Re: i-memes and m-memes

Robin Faichney (
Mon, 30 Aug 1999 20:02:42 +0100

Date: Mon, 30 Aug 1999 20:02:42 +0100
From: Robin Faichney <>
Subject: Re: i-memes and m-memes
In-Reply-To: <>

In message <>, Wade T.Smith
<> writes
>>I've been talking about "encoding" all along.
>I did read on, and I mean 'encoding' as well. It is my position that an
>object contains no encoding whatsoever,

Of course it doesn't! How could it?

>that such encoding is part of the
>culture and not part of the artefact.

Obviously. That's what "encoding" means.

>Remove the culture capable of
>decoding an artefact, and the object lapses to the inert. This inertia is
>not a result of its 'encodings' being unavailable to another culture, but
>the loss of the encoding structure, which _is the culture itself_.

You honestly thought I believe that things contain their own encoding?
Please tell me what I said to give that impression -- I really need to

>Maybe we need an operational fulcrum here under the plank 'symbol'. Or I
>do. Again, in my simple mind game with myself, looking at my bathroom
>scale, asking myself what information is in _that_ object, I came away
>with none.
>And I think this is unique to 'human culture'.

Wade, if you were a bird, you'd be squawking about the uniqueness of
avian culture.

>Right now, I do not see
>birdsong as cultural, but more as a behavioral artefact without an
>encoding structure other than genetic, closely tied to territorial
>imperatives and instincts, but, I am willing to be moved from that
>position, if only definitionally, a la Blackmore.

Birds learn aspects of their songs from older conspecifics. Tell me
that's not cultural.

>>But you take "contains" too literally.
>I _do_ take things literally. I appreciate it. It helps people like
>myself, laymen without jargon, to understand things.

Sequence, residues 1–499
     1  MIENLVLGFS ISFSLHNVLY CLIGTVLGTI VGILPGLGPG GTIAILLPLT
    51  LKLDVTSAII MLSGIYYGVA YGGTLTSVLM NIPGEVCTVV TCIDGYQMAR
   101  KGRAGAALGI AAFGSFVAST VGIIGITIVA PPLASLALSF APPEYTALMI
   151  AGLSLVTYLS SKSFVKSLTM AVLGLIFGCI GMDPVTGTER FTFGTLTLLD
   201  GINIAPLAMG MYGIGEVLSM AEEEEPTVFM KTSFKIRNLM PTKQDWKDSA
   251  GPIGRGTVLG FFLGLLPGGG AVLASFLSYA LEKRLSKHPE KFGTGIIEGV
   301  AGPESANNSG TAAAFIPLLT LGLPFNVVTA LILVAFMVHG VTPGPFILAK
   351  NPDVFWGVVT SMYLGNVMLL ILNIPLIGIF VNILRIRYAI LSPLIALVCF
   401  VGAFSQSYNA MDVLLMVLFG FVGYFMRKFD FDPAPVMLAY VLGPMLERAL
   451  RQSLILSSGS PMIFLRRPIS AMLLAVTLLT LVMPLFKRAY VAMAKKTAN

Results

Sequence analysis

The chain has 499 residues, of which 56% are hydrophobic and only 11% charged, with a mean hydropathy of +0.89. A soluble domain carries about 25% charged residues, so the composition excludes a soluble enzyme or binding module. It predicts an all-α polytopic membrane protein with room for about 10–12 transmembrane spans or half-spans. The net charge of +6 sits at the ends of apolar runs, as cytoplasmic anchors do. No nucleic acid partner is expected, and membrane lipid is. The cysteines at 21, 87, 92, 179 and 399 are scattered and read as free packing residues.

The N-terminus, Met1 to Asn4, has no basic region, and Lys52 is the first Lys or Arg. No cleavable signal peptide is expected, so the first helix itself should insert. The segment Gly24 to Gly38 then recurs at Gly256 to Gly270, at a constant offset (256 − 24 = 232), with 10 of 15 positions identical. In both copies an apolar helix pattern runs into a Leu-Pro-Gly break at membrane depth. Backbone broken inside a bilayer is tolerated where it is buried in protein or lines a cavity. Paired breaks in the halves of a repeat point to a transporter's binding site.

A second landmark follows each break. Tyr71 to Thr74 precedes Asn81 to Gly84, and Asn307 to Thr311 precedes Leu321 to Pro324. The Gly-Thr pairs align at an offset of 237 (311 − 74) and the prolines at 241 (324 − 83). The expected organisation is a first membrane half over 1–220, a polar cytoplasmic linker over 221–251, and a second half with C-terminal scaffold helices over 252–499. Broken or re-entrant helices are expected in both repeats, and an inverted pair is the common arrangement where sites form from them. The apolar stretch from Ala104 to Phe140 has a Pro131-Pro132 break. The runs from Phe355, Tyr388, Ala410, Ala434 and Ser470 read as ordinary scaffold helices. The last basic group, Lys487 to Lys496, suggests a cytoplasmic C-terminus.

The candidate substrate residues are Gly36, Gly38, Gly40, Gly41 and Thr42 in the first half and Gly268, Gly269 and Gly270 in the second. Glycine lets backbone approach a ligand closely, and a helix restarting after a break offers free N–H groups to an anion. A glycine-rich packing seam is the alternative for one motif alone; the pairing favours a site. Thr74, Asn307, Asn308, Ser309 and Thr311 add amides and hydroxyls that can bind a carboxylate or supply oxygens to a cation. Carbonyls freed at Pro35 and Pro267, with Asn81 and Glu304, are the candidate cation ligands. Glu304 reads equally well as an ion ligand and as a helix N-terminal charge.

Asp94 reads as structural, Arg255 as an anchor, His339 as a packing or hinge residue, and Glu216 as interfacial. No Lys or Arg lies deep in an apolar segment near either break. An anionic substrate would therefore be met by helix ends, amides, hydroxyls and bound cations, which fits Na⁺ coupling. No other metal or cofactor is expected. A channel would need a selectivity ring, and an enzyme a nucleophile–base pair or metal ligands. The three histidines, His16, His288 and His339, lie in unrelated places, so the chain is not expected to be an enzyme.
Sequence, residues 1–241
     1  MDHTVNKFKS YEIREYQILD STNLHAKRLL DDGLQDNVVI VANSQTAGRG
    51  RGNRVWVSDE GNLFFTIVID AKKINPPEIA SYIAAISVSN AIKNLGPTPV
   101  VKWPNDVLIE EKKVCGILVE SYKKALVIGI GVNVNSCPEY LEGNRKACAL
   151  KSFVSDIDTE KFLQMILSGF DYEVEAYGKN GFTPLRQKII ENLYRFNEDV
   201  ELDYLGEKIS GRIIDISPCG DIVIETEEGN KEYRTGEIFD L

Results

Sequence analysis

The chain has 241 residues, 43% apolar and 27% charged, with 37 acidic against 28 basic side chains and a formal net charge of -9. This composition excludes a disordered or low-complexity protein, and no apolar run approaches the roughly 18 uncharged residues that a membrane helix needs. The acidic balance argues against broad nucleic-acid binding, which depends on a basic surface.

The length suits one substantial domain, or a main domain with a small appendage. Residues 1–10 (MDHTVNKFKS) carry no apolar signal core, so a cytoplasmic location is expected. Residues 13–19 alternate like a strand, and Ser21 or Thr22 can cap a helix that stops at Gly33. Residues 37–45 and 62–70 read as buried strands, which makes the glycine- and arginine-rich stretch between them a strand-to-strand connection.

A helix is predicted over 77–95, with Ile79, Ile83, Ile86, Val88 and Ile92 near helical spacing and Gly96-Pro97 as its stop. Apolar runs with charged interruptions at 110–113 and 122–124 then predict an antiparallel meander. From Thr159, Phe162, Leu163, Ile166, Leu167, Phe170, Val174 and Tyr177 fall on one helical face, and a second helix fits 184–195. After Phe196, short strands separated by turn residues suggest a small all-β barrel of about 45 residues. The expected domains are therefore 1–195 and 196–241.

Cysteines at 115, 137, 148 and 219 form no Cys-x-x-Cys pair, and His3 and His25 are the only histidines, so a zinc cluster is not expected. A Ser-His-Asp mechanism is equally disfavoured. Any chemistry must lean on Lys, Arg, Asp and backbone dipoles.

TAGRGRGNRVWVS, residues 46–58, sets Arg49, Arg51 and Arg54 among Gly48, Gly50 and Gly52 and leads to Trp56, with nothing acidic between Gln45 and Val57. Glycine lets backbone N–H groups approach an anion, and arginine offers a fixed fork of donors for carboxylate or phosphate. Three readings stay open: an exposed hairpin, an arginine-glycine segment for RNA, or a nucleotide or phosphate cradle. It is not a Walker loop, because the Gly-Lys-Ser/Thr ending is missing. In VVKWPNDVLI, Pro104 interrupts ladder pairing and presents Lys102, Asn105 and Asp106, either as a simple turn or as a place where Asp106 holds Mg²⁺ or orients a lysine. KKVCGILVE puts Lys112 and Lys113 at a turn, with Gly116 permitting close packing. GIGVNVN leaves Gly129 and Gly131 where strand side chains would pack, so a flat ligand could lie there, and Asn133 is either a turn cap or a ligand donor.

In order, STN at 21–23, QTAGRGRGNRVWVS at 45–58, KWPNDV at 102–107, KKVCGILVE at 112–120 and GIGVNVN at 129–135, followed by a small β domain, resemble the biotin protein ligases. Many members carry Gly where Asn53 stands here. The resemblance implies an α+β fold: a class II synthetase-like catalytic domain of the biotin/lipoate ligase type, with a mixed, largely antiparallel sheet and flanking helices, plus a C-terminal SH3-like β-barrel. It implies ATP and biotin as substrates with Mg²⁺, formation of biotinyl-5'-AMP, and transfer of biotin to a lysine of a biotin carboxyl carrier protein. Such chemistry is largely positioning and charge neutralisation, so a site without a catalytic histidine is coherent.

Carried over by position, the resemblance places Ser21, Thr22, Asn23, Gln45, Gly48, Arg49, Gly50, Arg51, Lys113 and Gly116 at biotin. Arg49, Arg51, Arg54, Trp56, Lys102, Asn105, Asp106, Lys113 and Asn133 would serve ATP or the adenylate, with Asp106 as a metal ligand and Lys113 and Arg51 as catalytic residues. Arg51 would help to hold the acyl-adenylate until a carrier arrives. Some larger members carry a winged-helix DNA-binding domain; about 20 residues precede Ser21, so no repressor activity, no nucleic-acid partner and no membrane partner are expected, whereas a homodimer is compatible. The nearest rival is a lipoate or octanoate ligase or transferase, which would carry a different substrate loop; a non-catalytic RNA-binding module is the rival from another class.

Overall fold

No, it does not. Where something isn't meant literally, to take it so,
is to misunderstand it.

>The object itself,
>to me, literally, contains no information,

It contains information in the physicist's sense, which is inversely
proportional to entropy, and is basically just the form or structure of
the thing.

>certainly not 'potential'
>information, whatever that means, and certainly not a 'potential meme'
>whatever that means as well. And, yes, I think it contains no
>'encoding' either.

It does not "contain encoding" -- that phrase doesn't mean anything.
Encoding is a function of the relationship between two or more items of
information, where that includes physical (physicist's) information. If
you don't understand that, I think you should say so, rather than
claiming you disagree with it, which just causes further confusion and
wasted time and effort.

>It may be, or contain, a symbol of this encoding, but if we have
>to talk of behaviors being memetic, we need to see the behaviors
>themselves as objects, and, since perfect behavior is impossible (in
>it is subject to the same replicative errors as are all objects in this
>forensic universe), then the behaviors are themselves symbols of the

I haven't a clue what you mean by that sentence. (See what I mean?)

>Because, if any object contains memes, then _all_ objects contain
>'potential memes' and, well, such universality is nice, but hardly

No object literally "contains" either memes or potential memes.

Robin Faichney
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